Local-Scale Valley Wind Retrieval Using an Artificial Neural Network Applied to Routine Weather Observations

Florian Dupuy Laboratoire d’Aérologie, Université de Toulouse, CNRS, UPS, Toulouse, and CEA, DEN, Cadarache, Laboratoire de Modélisation des Transferts dans l’Environnement, Saint-Paul-lès-Durance, France

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Gert-Jan Duine Earth Research Institute, University of California, Santa Barbara, Santa Barbara, California

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Pierre Durand Laboratoire d’Aérologie, Université de Toulouse, CNRS, UPS, Toulouse, France

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Thierry Hedde CEA, DEN, Cadarache, Laboratoire de Modélisation des Transferts dans l’Environnement, Saint-Paul-lès-Durance, France

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Pierre Roubin CEA, DEN, Cadarache, Laboratoire de Modélisation des Transferts dans l’Environnement, Saint-Paul-lès-Durance, France

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Eric Pardyjak Department of Mechanical Engineering, University of Utah, Salt Lake City, Utah

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Abstract

We hereby present a new method with which to nowcast a thermally driven, downvalley wind using an artificial neural network (ANN) based on remote observations. The method allows the retrieval of wind speed and direction. The ANN was trained and evaluated using a 3-month winter-period dataset of routine weather observations made in and above the valley. The targeted valley winds feature two main directions (91% of the total dataset) that are aligned with the valley axis. They result from downward momentum transport, channeling mechanisms, and thermally driven flows. A selection procedure of the most pertinent ANN input variables, among the routine observations, highlighted three key variables: a potential temperature difference between the top and the bottom of the valley and the two wind components above the valley. These variables are directly related to the mechanisms that generate the valley winds. The performance of the ANN method improves on an earlier-proposed nowcasting method, based solely on a vertical temperature difference, as well as a multilinear regression model. The assessment of the wind speed and direction indicates good performance (i.e., wind speed bias of −0.28 m s−1 and 84% of calculated directions stray from observations by less than 45°). Major sources of error are due to the misrepresentation of cross-valley winds and very light winds. The validated method was then successfully applied to a 1-yr period with a similar performance. Potentially, this method could be used to downscale valley wind characteristics for unresolved valleys in mesoscale simulations.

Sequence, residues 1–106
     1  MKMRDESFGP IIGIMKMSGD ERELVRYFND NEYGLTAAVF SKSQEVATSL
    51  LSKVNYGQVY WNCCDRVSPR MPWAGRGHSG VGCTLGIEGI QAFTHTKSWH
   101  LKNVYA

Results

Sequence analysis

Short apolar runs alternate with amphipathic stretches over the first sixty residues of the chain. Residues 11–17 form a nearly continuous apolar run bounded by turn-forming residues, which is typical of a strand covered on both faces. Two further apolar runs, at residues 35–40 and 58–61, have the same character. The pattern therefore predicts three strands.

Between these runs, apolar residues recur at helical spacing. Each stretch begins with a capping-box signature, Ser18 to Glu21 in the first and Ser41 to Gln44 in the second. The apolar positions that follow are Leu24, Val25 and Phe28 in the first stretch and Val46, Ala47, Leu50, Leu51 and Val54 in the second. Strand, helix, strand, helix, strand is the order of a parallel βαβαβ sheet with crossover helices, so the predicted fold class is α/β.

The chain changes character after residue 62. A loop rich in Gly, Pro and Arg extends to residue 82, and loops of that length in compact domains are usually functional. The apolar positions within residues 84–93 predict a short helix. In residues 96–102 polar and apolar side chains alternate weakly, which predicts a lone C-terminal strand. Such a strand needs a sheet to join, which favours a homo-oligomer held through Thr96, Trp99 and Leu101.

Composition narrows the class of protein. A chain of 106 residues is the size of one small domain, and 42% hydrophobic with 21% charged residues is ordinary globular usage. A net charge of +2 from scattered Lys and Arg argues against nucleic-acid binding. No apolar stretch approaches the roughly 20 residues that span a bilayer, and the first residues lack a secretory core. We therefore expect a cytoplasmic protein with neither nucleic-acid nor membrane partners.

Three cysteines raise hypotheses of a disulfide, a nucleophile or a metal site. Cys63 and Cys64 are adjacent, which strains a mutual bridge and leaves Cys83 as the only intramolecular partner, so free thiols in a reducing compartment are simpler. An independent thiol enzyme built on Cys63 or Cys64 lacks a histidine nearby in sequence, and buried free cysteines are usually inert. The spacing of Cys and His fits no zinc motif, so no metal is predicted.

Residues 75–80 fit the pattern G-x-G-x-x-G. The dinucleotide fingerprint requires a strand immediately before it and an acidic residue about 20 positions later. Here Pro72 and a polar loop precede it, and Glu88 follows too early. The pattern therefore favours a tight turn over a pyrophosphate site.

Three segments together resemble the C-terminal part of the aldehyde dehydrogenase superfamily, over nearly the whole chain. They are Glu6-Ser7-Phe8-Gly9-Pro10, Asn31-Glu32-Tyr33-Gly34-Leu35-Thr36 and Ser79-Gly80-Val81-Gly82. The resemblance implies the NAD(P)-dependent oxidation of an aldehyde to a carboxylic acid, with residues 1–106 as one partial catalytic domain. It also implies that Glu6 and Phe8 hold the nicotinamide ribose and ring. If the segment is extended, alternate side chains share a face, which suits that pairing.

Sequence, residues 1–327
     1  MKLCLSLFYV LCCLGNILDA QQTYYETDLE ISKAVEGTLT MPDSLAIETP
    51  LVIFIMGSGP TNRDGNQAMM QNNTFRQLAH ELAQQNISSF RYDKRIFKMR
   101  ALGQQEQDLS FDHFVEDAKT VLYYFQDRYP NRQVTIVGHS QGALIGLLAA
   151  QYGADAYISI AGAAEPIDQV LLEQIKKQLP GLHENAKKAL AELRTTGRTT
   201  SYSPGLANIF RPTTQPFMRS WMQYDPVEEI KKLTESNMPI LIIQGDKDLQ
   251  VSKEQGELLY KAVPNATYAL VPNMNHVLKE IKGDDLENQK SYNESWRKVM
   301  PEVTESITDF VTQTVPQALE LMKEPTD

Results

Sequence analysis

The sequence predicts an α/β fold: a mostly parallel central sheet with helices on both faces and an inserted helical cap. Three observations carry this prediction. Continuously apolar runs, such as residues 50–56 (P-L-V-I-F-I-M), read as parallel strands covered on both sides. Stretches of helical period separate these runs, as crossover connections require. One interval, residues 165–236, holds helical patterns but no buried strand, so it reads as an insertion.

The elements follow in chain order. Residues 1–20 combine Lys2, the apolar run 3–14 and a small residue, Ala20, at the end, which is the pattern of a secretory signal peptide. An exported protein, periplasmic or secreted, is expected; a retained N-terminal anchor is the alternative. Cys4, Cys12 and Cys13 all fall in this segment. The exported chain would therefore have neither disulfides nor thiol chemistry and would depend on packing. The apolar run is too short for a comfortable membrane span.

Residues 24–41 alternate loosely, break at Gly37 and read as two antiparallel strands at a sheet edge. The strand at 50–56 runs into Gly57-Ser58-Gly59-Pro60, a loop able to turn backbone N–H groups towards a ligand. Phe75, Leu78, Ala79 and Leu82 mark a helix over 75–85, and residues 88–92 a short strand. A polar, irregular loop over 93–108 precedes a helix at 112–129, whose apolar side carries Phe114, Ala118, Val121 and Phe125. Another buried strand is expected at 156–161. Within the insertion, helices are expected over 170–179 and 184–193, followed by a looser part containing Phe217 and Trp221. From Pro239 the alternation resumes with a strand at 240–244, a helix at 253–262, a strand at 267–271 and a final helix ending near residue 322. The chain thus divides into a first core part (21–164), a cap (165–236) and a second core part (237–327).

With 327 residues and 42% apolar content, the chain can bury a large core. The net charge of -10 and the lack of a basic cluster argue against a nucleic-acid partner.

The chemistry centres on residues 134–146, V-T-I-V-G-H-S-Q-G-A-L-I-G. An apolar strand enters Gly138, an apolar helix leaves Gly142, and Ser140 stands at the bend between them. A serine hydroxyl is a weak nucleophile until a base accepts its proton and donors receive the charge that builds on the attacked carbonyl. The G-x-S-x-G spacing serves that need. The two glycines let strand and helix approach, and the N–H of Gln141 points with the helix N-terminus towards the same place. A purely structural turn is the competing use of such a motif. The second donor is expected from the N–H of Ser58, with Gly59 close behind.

© 2019 American Meteorological Society. For information regarding reuse of this content and general copyright information, consult the AMS Copyright Policy (www.ametsoc.org/PUBSReuseLicenses).

Corresponding author: Thierry Hedde, thierry.hedde@cea.fr

Abstract

We hereby present a new method with which to nowcast a thermally driven, downvalley wind using an artificial neural network (ANN) based on remote observations. The method allows the retrieval of wind speed and direction. The ANN was trained and evaluated using a 3-month winter-period dataset of routine weather observations made in and above the valley. The targeted valley winds feature two main directions (91% of the total dataset) that are aligned with the valley axis. They result from downward momentum transport, channeling mechanisms, and thermally driven flows. A selection procedure of the most pertinent ANN input variables, among the routine observations, highlighted three key variables: a potential temperature difference between the top and the bottom of the valley and the two wind components above the valley. These variables are directly related to the mechanisms that generate the valley winds. The performance of the ANN method improves on an earlier-proposed nowcasting method, based solely on a vertical temperature difference, as well as a multilinear regression model. The assessment of the wind speed and direction indicates good performance (i.e., wind speed bias of −0.28 m s−1 and 84% of calculated directions stray from observations by less than 45°). Major sources of error are due to the misrepresentation of cross-valley winds and very light winds. The validated method was then successfully applied to a 1-yr period with a similar performance. Potentially, this method could be used to downscale valley wind characteristics for unresolved valleys in mesoscale simulations.

© 2019 American Meteorological Society. For information regarding reuse of this content and general copyright information, consult the AMS Copyright Policy (www.ametsoc.org/PUBSReuseLicenses).

Corresponding author: Thierry Hedde, thierry.hedde@cea.fr
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